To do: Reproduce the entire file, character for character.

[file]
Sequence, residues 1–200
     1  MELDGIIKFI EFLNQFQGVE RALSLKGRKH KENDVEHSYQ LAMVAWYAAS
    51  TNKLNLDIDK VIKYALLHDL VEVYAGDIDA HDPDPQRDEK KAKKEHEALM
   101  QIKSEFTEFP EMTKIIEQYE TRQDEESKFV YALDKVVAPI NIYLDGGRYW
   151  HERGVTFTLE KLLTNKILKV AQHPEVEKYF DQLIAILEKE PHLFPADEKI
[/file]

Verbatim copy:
Sequence, residues 1–200
     1  MELDGIIKFI EFLNQFQGVE RALSLKGRKH KENDVEHSYQ LAMVAWYAAS
    51  TNKLNLDIDK VIKYALLHDL VEVYAGDIDA HDPDPQRDEK KAKKEHEALM
   101  QIKSEFTEFP EMTKIIEQYE TRQDEESKFV YALDKVVAPI NIYLDGGRYW
   151  HERGVTFTLE KLLTNKILKV AQHPEVEKYF DQLIAILEKE PHLFPADEKI